Ripe Peaches on a tree in the tree circle gathering area. These receive drip irrigation.
    Ripening grapes on the white arch
     Our compost bins are in pause mode. We are saving water ... but they are too dry to decompose.
    The coffee grounds in the bin on the right are a weekly gift from Trader Joes on Concord Ave.
    We are only watering the lower row of raised vegetable beds through the end of next month. Then we might see how the water budget goes and perhaps open up the upper row for some planting of cool season crops in August. That would be Beets, Kale, Lettuce, Peas and Swiss Chard.
    I see CACG continuing into the next five years. It serves the community as a place of education, inspiration and recreation. I am grateful!

    Food Forest Completion in Benicia

    Mulch is our friend

    We began this one back in March. Here is a video from Joshua Thayer "The Plant Guy"
     Above. Planting a berry patch.
    Below. The rock covers a mulch shield, part of the greywater system buried at least 2" below the mulch and serving the Apple tree in the top left hand corner. The brown pipe is a Netafim drip irrigation line. This one delivers 0.9 gph at 12" spacing.

    The Mannions are moving!

    We so appreciate their uplifting spirits and enthusiastic participation in bringing the CACG to where it is now. They have gifted us with hours of inspired work for which we are very grateful.
    They are moving to Folsom CA in mid July.
    We are excited for their new adventure and wish them well.
    There will be a chance to say goodbye in Pleasant Hill Park with a causal BYO-Dinner from 5pm to 8pm, on Thursday, July 16th, in case anyone is available to swing by.
    With love to
    Colin discovers carrots
    A family of 4 in June 2013
    Jim, Karen, Brenna, Colin and Ryan Mannion
    And finally -

    I try to remember that ...
    Happy Fourth !
    925 286 7225

    Thursday, June 4, 2015

    After a Strawberry Moon

    A "Swarm Shelter" plant pot is hung in a tree to attract a swarm. It attracted this swarm which declined to enter and spent the night outside.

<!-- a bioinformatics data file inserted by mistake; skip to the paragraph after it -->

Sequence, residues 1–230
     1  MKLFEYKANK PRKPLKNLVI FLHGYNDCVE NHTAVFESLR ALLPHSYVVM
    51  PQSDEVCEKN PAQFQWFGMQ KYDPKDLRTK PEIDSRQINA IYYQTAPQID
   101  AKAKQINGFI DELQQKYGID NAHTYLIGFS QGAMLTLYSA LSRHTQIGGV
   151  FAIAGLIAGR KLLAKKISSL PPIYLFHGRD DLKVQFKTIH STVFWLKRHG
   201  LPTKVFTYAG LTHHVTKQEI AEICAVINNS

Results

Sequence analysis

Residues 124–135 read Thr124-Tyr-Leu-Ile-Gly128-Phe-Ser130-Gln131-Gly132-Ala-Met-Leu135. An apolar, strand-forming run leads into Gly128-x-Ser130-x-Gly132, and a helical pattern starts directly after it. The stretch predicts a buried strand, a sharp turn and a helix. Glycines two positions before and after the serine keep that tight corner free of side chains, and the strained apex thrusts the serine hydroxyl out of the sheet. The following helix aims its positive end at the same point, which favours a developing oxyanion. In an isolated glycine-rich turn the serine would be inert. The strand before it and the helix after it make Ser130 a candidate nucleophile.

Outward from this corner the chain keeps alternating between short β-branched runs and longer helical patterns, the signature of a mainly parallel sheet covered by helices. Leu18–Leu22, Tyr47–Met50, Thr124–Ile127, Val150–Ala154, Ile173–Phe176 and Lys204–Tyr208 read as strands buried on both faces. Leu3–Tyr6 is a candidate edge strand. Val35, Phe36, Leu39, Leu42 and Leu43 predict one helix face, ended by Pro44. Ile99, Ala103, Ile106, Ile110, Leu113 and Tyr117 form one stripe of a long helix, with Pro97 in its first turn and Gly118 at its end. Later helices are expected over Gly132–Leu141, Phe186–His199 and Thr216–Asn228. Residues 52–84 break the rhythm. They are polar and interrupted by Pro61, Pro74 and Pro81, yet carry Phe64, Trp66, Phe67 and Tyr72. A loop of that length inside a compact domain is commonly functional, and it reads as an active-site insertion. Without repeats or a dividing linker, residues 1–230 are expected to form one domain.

This happened on June 1st. In my experience this has been a slow and late swarm season. Not as many as usual and later in the season (which is normally March to June). Also many swarms have been smaller than usual ... but not the one pictured here, who now occupy a hive in Martinez.

    Ripening Fruit at CACG

    Santa Rosa Plums



    'Lemon Queen' Sunflower with bee

    Crop Swap

    A scene from our Crop Swap on May 27th. There was everything from burlap sacks and framed pictures to lemons and plant starts.
    Our next Crop Swap is on June 24th 2015. Please show up and say "Hello" to the neighborhood even if you don't have anything to swap this time.

    Miss May

    Congratulation to Turiya our Chicken of the Month for May 2015. We don't know the pedigree of most of our hens. We do know that Turiya is a Buff Brahma because she, together with India, were purchased as a day old chicks from Concord Feed She wanted to be a broody hen last month. That was not to be because we don't have a rooster and no new chicks, to become future hens, are required at this time. Here she is taking a dust bath.

    An Urban Farm Tour

    Urban Farm Tours 2015 ~ Walnut Creek & Concord
    Saturday June 6, 2015 9am-3pm
    Tour start 9am Mt Diablo High school 2450 Grant Street Concord
    A foray into the suburban wilderness out Far East Bay tour features sites ranging from a modest suburban retrofit to a sprawling permaculture paradise. All sites feature water wise gardening. and food production. You will see edible landscaping, bees and chickens, pollinator habitat, greywater and rainwater catchment, intergenerational gardening and much more. Your ticket includes a tour or our staging area , 3 farm sites, a 4th special interest site, plus morning hospitality and simple farm fresh lunch prepared and provided by the students of Mt Diablo High School Hospitality & Tourism Academy. To spread visitors out evenly, your itinerary will be set for you in advance and available for you at will call the morning of the event. Once you have your itinerary you will drive yourself to the various sites. For those who wish it, we’ll try to arrange carpooling onsite by group the day of. We recommend getting to the staging area by 9:30 am at the latest, however someone will be at the staging area all day to greet you.

    Event Page
    Featured Sites:

    Tree Chips are Free